Flipping my eyes open, I was briefly disoriented. Where am I? Instead of the old oak trees behind my porch or the lake from my deck, the view is a hotel room. Nothing special. But the view out the window is illuminated with pink-orange light against tall blue mountains. I’m in Taos, New Mexico.Dinner with Legends
Last night I had dinner with Cherie McGraw and David Leffel, two world-famous artists who are dear friends and live locally. Though my intent was to drive back to Ghost Ranch, an hour and a half from here, I didn’t want to get stranded in the middle of nowhere in the deep dark desert. So I stayed here for the night.
A Week with Friends
Today about noon I begin to “check in” 100 of my closest friends. We will paint together in the land of Georgia O’Keeffe for a week. It will be invigorating and exhausting and worth every minute.
Over dinner part of our discussion was the necessary transition from artist to become an artist-businessperson. I told them the story of transformation I’m about to tell you.
Once a quarter I sit in a group that is my board of directors, made up of 13 business owners. We all sit on each others’ boards. They help me, I help them, we all help one another. Last Sunday, Monday, and Tuesday I attended these meetings.
One of the members, a man I’ll call Al, made a statement to the group about a year ago in our first meeting together.
“I’m an artist, I’m not a businessman. I don’t want to become a businessman.” Yet in the same statement he talked about this little business he had started that was billing over a million dollars a year. But it was starting to decline. When we asked why, he said it was probably because he spent eight months away surfing that year and was letting his employees run the business, which is often a bad idea.
I’ll never forget what one of the board members said that got his attention…
“Instead of looking at paying attention to your business as bad, look at it as a means of buying your freedom so you don’t have to go back to work for someone else. If you’ll look at business differently, you’ll develop the skills needed so you can buy your freedom on your own terms.”
When I met with the group last week, Al was a changed man. He had his business under control, he had made a lot of changes, and from the looks of it, he will make almost double this year.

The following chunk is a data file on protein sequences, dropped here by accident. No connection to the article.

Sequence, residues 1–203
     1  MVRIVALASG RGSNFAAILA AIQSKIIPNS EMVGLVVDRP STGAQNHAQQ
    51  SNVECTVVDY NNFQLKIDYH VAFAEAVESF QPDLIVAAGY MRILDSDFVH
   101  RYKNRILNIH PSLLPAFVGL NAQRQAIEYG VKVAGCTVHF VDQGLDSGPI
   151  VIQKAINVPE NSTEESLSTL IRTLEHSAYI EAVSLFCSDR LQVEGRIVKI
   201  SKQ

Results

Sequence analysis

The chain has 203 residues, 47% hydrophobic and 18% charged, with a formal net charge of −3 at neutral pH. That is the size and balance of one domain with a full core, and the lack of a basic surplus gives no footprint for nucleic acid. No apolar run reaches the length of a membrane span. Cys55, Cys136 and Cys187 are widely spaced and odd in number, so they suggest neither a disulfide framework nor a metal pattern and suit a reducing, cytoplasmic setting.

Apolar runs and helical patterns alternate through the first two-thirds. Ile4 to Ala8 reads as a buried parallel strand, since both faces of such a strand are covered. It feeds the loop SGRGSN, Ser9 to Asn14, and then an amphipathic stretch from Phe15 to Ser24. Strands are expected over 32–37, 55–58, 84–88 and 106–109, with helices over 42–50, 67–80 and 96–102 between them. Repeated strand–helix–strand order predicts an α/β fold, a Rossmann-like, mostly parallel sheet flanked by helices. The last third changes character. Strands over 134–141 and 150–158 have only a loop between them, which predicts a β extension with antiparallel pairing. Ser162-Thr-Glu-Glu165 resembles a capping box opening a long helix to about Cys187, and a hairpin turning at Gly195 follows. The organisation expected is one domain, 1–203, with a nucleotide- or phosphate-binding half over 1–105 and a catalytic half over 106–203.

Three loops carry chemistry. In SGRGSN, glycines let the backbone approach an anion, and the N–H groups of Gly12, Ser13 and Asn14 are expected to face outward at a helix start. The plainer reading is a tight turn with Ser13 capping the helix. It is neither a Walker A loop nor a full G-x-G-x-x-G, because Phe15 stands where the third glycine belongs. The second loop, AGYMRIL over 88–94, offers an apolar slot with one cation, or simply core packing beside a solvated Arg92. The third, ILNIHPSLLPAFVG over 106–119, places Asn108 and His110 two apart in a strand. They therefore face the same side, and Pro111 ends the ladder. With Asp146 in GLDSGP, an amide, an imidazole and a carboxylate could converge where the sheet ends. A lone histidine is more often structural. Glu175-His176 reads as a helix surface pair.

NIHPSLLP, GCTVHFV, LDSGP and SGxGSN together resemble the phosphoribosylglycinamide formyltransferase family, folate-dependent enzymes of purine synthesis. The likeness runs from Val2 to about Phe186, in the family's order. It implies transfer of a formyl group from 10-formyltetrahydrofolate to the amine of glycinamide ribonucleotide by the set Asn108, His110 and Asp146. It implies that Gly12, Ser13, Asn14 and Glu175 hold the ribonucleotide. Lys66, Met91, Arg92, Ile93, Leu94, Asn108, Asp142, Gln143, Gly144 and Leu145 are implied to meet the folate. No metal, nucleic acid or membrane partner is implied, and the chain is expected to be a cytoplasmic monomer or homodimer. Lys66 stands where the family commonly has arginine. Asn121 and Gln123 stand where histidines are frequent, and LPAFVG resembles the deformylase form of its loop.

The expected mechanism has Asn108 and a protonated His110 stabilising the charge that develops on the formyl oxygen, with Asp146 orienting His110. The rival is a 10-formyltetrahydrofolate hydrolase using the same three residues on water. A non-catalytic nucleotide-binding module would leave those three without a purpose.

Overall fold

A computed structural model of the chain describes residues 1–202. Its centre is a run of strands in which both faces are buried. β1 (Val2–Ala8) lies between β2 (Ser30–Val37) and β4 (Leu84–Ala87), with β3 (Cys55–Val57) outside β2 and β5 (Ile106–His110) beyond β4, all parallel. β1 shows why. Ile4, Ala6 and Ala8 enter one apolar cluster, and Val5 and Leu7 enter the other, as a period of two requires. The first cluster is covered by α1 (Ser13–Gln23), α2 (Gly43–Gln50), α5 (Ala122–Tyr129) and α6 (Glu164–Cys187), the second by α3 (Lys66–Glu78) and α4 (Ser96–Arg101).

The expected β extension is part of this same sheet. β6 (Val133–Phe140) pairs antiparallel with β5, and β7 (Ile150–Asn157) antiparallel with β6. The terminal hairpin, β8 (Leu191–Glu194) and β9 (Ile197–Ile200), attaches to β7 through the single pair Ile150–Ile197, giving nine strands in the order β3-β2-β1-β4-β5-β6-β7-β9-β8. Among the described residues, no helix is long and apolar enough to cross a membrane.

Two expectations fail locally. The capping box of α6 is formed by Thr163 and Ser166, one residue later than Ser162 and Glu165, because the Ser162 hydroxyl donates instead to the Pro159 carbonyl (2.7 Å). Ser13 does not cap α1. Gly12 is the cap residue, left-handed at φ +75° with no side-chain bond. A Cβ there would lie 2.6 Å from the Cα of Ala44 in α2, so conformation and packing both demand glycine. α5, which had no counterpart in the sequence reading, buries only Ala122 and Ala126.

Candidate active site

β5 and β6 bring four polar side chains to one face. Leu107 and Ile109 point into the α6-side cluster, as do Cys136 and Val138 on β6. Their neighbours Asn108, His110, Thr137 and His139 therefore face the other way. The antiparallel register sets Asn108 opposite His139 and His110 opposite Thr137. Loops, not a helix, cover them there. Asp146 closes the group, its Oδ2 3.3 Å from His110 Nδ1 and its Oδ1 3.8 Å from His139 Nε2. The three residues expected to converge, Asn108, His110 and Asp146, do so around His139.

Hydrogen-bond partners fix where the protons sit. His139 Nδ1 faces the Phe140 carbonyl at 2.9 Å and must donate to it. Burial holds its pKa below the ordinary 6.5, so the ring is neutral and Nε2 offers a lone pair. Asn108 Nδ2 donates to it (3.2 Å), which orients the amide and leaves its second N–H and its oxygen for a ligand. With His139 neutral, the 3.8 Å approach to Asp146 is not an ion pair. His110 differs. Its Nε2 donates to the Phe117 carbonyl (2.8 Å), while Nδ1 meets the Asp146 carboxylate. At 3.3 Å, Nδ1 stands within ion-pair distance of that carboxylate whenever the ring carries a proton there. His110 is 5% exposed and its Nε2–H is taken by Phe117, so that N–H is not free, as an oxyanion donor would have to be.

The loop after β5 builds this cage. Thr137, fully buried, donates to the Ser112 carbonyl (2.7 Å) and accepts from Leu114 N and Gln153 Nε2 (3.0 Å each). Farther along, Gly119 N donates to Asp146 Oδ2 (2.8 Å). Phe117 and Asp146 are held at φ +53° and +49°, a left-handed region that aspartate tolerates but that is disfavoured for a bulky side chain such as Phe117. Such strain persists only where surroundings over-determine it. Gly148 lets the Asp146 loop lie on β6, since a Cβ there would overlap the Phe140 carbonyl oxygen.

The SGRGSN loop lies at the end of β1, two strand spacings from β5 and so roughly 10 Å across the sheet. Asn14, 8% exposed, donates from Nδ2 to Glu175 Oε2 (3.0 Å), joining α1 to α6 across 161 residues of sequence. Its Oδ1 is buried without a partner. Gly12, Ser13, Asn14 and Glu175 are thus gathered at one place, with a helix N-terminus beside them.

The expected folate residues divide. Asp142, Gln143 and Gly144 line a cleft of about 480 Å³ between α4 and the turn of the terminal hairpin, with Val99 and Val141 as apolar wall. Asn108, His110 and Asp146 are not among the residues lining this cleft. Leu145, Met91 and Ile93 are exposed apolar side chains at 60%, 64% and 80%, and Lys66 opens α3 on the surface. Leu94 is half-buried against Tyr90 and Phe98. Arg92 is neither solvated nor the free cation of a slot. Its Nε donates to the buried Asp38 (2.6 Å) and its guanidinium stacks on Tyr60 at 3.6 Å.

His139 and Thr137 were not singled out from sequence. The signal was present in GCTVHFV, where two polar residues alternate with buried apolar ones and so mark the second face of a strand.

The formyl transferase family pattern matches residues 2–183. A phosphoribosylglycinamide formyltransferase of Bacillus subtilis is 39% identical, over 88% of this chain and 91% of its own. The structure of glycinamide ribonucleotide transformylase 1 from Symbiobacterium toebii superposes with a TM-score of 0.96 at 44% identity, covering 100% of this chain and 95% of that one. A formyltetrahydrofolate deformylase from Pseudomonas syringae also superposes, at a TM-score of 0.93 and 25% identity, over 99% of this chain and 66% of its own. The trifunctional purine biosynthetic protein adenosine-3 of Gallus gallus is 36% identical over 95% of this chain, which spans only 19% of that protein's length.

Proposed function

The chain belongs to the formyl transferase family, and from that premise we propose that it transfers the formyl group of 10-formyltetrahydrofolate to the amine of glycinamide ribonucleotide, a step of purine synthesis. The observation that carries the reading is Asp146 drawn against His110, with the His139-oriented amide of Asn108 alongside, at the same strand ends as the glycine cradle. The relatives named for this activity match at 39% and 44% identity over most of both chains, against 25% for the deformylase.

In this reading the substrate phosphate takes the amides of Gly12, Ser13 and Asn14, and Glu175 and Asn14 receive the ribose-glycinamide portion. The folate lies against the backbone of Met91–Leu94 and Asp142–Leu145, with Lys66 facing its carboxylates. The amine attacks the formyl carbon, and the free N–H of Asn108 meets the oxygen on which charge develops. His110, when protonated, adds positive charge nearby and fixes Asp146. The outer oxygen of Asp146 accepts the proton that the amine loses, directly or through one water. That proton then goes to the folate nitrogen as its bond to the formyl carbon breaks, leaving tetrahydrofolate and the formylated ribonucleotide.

When we talked at lunch, he told me this: “I realized that business does not define me. Art defines me. I was resistant because I did not see myself as a business guy, but now I still see myself as an artist who simply had to develop some muscles in other areas so I could continue to be an artist.”
The board stood up and applauded because after a year, he had accepted his role, embraced it, and was doing a great job. It was a total transformation.
Our lives are dominated by the stories we tell ourselves. Our stories are rooted in our past, our pain, our pleasure, and the way we live. But our stories can change.
The Truth You Need to Hear
By having a caring board of friends who told him the truth he did not want to hear, Al faced his reality. Frankly, we all expected him to choose surfing, let his business continue to decline, and drop off our board. Instead, he faced the music and stepped up.
Perspective is a wonderful gift. If you’re willing to gather the thoughts of others, find people you can trust and who have experience and have accomplished things in areas where you need help, you can find the truth if you listen carefully.
They say the truth will set you free.
But the truth in this case would have been nothing without Al making the decision to change himself and his self-perception.
Life without challenges is not life well lived. It’s the challenges that create the contrast. The bad makes the good so much sweeter.
For most … the truth sets off a series of defense reactions. “They don’t know what they’re talking about. Don’t you think I know what I’m doing? I’ve got it under control.” If you catch yourself saying those things, perhaps you should listen carefully and pay attention to those who are trying to get through to you.
Once you accept the feedback, the next step is to take action by finding out what needs to change and then finding ways to change it. Usually we can’t do it on our own, which is why learning from the mistakes of others is important. And if you can, don’t learn from just anyone’s mistakes. Learn from the best of the best who can take you to the highest possible level.